Marianna owns a few other TOAST pieces, a pair of grey woollen trousers (a London staple), a waffle, cotton top in mustard, a loose button-down shirt, all of which get better with time and can be worn in myriad contexts, she says. These are the kinds of clothes she always wears; “I like the freedom they give a woman, giving her femininity without showing every single curve,” she says, “I otherwise live in my chef clothes, which are always over-sized, and I love that."
When Leivaditaki came to Britain, it wasn’t to cook, but to study psychology. Aged 18, she enrolled at the University of Kent, and went on to do a Masters in forensics. Always having to fund herself, she variously worked shifts at Pizza Hut, an Alzheimer's care centre and, eventually, at a restaurant inside Canterbury’s covered farmers’ market. There, making jams and preserves on-site, she became interested in English produce, “and the spark I already had inside me started to ignite again.” She and her colleagues would save their tips for a monthly blow-out meal in London; their first visit to Moro opened her eyes to what British food could be. “They were doing all these things that were really familiar from my past, making bread with a real wood oven, cooking meat on a charcoal grill… I fell in love with the place.”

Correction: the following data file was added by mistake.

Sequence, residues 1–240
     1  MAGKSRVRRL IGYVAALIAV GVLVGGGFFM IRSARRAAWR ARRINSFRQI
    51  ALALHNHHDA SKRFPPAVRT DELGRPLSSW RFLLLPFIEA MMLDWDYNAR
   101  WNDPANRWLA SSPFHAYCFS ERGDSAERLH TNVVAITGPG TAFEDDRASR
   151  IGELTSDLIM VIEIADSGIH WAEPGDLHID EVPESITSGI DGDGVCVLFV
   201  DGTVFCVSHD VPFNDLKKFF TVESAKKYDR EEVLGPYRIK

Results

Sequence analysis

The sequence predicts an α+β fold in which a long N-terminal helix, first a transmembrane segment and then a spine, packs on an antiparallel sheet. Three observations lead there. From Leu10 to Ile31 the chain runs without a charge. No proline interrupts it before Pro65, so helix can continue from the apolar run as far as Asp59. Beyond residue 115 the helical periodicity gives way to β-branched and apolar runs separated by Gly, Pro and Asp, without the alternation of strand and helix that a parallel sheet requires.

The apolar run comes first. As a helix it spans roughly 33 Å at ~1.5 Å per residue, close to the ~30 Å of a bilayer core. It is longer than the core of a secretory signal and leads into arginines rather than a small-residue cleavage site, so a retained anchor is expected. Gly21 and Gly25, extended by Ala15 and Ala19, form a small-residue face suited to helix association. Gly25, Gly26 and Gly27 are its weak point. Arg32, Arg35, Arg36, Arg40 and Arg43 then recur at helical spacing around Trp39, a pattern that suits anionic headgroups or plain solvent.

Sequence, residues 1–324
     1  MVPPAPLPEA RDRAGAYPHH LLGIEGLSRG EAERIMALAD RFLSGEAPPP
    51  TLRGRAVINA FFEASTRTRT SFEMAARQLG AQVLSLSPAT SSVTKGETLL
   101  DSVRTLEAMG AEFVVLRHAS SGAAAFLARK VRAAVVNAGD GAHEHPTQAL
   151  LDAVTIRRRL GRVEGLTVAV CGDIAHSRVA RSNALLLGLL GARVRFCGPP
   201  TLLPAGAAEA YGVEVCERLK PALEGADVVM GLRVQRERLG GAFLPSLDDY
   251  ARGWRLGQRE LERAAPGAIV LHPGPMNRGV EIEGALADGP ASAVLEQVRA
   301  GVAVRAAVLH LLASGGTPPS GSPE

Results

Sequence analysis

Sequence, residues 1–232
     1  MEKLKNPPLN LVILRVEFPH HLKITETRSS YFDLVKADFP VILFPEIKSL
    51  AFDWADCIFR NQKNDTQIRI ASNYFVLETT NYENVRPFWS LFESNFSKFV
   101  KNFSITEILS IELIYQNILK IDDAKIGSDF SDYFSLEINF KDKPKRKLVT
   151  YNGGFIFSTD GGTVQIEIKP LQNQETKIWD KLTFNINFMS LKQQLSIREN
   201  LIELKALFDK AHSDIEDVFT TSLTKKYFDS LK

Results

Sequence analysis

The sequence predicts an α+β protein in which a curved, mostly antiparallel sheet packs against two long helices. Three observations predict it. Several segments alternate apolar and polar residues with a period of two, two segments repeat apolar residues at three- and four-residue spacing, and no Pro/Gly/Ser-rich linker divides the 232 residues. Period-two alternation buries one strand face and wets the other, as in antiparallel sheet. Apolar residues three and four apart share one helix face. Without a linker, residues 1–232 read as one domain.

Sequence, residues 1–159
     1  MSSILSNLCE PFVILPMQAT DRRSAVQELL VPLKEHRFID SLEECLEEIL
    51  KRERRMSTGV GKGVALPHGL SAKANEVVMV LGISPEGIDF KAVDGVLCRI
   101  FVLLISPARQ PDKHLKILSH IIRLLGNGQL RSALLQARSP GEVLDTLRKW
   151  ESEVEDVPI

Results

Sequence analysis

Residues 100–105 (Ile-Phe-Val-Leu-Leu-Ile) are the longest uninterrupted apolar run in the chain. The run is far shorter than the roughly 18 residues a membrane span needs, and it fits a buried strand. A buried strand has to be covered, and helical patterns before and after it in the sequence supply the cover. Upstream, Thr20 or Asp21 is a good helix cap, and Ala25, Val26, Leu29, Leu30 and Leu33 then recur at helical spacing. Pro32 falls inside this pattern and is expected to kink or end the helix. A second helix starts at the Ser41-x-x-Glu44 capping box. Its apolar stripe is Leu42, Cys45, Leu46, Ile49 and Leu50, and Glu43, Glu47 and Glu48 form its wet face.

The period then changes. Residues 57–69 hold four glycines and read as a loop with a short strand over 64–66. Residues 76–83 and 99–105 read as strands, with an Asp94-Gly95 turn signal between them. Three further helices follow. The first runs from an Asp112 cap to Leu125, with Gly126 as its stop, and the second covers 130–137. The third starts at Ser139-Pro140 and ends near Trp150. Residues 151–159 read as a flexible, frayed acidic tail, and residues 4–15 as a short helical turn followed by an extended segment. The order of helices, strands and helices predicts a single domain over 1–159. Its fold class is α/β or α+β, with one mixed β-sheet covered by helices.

After a two year stint back in Crete, during which she took charge of the family restaurant with Adonis, a period of intense experimenting, reading, and learning, she came back to London. She went straight to Moro, “I need to get into that kitchen,” she thought, and she did, albeit starting first as a waitress – she wasn’t a chef, she told them – “I had no technical experience, but I was confident in my tastes”. Within two and a half years, she’d ascended to head chef, and when Hackney Road’s Morito opened in 2016, Marianna was put in charge.